Jacques Télésphore Roman was born in Opelousas, Louisiana, on May 22nd in 1800. "Télésphore" Roman is well known here at Oak Alley Plantation - he was the owner of this property, and it was under his tutelage that our antebellum Big House mansion was designed and constructed between 1837 and 1839. Today, we honor Jacques' birthday.
If you've visited Oak Alley in the past, you may be aware that Jacques' extended family once owned much of the land in this area and along the river, including the land that comprises today's Oak Alley Plantation. The Romans owned this property until just after the US Civil War.
But, did you know that the aristocratic Roman family had been in the "New World" for several generations before Oak Alley's Big House was built, and "our" Jacques was not the first Jacques Roman in his family to live in Louisiana?
The name Jacques must have been very popular in the Roman family, as there were actually three Jacques Romans leading up to the founding of Oak Alley Plantation! Here is the fascinating history behind the "three Jacques":
Jacques Joseph Roman was born in 1697, and lived in Grenoble, France. From an aristocratic family, Jacques Joseph arranged to come to the new world to launch a cattle ranching operation. This Jacques first settled in the area of present day Des Allemands, Louisiana, where he met and married Marie Josephine Daigle.
In 1748, Jacques and Marie had a son they named Jacques Etienne Roman. Jacques Etienne would grow up with dreams of becoming a successful cattle rancher, like his father. When he came of age, Jacques Etienne married Marie Louise Patin and moved much of the Roman's cattle ranching operation up to Opelousas, Louisiana. Jacques and "Louise" raised a family there, and that family included our very own Jacques Télésphore Roman.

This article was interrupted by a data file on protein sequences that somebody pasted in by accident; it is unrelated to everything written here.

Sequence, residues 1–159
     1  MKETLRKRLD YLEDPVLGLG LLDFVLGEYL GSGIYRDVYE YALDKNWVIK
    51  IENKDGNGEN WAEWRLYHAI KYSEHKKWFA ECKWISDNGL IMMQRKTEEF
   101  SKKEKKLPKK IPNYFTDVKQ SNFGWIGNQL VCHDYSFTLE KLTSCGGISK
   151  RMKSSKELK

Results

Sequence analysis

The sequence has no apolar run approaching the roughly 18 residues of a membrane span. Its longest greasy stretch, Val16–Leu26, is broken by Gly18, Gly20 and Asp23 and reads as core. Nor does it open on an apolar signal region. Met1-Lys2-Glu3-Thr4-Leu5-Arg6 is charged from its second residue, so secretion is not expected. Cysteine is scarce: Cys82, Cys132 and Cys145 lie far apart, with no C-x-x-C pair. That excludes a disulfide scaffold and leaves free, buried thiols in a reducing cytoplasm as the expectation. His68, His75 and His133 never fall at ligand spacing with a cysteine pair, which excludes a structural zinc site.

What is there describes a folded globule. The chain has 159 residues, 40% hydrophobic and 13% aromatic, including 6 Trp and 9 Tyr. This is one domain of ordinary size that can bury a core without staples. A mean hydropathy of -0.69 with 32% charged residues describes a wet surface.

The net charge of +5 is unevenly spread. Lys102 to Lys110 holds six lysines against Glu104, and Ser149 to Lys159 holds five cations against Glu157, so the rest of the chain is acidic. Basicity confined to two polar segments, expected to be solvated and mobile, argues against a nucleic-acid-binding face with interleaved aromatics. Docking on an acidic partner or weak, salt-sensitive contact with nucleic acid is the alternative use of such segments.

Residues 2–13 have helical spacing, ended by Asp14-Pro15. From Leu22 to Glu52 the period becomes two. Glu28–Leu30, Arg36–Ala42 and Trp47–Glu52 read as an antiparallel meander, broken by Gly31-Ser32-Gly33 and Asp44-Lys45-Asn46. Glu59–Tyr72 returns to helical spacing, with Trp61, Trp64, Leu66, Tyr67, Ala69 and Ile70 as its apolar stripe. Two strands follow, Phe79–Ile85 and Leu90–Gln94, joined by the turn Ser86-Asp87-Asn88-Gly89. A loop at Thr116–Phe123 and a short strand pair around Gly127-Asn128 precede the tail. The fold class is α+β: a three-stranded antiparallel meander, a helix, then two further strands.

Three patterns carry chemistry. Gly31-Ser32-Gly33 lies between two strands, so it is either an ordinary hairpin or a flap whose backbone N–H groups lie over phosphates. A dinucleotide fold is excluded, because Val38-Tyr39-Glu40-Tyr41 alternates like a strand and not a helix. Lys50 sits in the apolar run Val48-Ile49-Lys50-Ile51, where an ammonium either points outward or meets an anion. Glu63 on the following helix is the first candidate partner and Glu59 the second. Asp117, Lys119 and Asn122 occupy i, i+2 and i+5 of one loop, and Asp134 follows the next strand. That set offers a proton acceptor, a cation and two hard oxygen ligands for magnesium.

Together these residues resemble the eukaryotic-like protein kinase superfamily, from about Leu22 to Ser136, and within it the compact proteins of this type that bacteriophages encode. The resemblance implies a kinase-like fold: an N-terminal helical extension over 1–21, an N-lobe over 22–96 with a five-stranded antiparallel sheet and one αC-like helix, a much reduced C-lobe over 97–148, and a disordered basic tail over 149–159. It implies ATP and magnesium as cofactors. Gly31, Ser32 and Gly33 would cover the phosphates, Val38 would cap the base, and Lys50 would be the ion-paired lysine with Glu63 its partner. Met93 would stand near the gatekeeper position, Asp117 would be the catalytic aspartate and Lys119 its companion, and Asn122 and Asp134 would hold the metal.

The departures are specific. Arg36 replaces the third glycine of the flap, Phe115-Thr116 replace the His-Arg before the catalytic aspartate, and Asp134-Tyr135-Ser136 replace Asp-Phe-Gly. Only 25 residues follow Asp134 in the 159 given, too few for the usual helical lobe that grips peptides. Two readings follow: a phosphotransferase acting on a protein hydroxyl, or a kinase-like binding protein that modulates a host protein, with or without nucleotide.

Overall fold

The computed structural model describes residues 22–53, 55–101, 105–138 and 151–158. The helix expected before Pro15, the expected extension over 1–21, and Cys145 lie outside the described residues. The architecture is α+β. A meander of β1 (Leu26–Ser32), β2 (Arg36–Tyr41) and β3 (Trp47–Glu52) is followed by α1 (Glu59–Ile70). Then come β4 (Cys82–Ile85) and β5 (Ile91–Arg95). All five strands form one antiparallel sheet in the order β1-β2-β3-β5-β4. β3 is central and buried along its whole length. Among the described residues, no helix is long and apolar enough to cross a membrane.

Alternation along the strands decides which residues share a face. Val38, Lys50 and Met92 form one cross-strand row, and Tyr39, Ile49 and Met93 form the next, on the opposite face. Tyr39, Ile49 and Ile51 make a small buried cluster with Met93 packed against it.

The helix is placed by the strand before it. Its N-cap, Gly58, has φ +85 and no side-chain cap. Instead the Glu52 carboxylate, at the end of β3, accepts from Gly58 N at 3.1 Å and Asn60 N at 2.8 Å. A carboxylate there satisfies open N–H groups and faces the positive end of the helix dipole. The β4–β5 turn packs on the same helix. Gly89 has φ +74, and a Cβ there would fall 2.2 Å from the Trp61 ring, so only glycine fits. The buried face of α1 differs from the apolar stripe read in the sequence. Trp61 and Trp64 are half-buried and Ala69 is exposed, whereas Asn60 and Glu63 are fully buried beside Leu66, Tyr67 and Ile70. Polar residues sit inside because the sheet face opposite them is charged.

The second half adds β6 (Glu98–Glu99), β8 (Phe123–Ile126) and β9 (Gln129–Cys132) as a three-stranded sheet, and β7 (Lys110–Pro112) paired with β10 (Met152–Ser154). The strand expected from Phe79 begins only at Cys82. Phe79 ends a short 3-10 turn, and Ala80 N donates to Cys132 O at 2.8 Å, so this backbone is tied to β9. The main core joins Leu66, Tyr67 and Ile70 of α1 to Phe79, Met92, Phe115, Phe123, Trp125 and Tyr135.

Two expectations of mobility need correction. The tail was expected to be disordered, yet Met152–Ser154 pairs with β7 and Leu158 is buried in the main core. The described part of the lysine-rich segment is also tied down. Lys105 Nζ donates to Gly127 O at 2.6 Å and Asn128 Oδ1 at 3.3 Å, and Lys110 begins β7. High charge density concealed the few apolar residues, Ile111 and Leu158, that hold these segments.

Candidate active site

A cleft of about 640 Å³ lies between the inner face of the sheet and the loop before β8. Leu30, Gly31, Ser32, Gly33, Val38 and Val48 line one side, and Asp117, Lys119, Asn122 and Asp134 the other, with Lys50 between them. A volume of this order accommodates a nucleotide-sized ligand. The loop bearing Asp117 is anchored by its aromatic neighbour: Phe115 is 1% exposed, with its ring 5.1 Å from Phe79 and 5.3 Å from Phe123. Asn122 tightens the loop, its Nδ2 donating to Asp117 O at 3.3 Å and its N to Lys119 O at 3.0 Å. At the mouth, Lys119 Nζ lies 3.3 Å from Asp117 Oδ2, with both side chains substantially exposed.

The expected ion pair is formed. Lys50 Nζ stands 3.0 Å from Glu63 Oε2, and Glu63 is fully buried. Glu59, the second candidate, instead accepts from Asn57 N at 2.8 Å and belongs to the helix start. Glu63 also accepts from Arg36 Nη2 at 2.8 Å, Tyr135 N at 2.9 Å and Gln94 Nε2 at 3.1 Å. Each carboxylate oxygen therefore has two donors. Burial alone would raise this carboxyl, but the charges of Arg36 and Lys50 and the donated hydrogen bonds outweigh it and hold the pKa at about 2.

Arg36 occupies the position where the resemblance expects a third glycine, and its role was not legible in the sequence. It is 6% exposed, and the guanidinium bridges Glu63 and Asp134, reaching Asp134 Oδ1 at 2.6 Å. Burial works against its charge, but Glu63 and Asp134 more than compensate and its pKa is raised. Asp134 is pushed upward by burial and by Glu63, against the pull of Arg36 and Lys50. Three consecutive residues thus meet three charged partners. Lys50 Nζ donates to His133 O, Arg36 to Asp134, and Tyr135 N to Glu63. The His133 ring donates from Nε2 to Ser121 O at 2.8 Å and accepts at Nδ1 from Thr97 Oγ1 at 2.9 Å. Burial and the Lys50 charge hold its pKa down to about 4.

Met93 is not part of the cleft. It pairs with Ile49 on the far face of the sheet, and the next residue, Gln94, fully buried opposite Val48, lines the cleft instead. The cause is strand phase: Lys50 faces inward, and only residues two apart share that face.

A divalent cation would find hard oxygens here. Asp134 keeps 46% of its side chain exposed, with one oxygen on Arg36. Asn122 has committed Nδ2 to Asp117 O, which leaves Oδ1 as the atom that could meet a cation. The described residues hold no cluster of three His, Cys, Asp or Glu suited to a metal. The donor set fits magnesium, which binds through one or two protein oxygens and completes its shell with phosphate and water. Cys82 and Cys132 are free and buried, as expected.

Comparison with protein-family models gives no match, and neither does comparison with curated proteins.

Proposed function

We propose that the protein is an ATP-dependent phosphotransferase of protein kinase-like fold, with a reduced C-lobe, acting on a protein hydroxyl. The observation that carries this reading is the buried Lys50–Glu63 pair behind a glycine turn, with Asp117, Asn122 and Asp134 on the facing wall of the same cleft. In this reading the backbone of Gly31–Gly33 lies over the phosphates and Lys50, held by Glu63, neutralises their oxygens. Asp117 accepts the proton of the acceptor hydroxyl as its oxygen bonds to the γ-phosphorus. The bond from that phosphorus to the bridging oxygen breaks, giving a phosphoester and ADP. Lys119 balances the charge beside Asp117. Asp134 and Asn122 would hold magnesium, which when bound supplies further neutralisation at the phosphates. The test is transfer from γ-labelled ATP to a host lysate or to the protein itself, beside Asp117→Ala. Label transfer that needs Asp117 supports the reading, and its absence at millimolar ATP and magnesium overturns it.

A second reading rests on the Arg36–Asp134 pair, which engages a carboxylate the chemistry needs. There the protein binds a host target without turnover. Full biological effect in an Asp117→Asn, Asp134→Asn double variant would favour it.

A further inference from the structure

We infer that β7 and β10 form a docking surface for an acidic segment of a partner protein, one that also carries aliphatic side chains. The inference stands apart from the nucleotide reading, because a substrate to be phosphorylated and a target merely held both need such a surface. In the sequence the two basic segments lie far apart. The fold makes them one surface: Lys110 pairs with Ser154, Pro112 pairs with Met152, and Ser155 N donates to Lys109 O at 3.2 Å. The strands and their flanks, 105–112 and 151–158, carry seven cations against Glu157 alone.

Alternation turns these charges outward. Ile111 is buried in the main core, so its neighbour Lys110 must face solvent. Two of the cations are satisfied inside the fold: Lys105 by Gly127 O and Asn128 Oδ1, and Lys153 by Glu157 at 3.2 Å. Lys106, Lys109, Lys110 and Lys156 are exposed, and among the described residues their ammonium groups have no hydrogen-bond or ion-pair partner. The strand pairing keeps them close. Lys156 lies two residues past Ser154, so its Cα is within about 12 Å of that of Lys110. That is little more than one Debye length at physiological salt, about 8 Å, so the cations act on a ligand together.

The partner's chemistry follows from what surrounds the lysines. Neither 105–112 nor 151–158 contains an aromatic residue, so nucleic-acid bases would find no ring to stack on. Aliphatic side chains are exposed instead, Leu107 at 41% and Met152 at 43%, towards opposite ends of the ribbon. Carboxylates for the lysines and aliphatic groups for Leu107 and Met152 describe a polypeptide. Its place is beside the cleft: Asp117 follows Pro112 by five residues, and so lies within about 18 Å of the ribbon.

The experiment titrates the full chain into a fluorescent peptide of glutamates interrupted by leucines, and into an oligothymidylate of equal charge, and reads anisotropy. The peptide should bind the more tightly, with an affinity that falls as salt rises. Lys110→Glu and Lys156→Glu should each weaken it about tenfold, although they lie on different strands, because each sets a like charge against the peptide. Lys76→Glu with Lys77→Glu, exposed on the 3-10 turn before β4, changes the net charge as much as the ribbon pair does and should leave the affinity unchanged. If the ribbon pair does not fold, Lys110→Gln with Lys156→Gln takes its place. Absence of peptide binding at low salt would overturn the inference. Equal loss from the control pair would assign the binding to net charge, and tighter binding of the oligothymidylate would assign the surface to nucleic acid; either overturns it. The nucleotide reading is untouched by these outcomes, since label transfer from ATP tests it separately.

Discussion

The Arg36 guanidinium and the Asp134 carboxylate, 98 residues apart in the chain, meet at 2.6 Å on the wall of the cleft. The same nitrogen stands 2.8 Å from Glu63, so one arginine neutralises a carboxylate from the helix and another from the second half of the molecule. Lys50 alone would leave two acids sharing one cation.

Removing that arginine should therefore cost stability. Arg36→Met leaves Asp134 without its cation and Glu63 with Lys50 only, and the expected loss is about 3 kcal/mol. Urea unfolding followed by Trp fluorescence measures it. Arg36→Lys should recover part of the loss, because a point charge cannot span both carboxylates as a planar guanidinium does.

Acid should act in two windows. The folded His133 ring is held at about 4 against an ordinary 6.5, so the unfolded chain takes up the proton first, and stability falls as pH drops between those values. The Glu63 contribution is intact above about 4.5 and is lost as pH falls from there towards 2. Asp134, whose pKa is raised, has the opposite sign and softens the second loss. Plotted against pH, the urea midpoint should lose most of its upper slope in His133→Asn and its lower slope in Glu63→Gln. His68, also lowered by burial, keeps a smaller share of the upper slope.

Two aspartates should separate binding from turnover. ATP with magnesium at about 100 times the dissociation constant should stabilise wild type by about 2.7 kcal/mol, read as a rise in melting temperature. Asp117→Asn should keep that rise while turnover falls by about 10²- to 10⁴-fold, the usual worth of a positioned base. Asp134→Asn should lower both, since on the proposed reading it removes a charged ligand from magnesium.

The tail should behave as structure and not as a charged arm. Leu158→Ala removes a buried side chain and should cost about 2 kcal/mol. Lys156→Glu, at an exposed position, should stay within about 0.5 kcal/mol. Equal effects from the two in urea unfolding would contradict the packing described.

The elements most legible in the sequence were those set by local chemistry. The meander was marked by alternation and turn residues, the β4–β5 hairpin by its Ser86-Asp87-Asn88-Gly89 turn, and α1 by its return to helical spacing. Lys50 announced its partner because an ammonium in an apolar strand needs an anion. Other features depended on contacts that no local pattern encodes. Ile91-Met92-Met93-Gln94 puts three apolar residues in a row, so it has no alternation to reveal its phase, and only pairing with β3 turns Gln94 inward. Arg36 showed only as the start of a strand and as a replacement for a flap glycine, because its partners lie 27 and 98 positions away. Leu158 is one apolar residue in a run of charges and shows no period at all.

Jacques Etienne ran a very successful cattle operation in Opelousas, but when sugar cane became the successful cash crop in south Louisiana, they moved to St. James Parish, Louisiana, near the site of Oak Alley Plantation. Jacques and Louise were extremely wealthy, and they were so convinced of the viability of the sugar trade, they purchased three plantations along the river road and combined them into one large operation. They would establish a homestead on the property, but that family home was located about 2 miles down river from our alley of oaks.
Jacques Etienne passed away when Jacques Télésphore was only 11, so "Télésphore" was raised primarily by his mother, under the watchful eye of brother-in-law Valcour Aime. Valcour was purportedly the richest man in the south, and would eventually acquire much of the Roman property from Louise. Jacques would one day have to strike a deal with Valcour to acquire the Oak Alley land back, in order to build a dream house for his bride Celina. A deal was struck, "Télésphore" acquired the land and the alley of oaks and built the stunning house that sits at Oak Alley Plantation today.
Today, we honor the birthday of Jacques Télésphore Roman, keeping in mind the extended history of the Roman family in Louisiana, and the three Jacques Romans that were part of a French Creole family that made Oak Alley Plantation possible. Happy birthday, Jacques Télésphore Roman.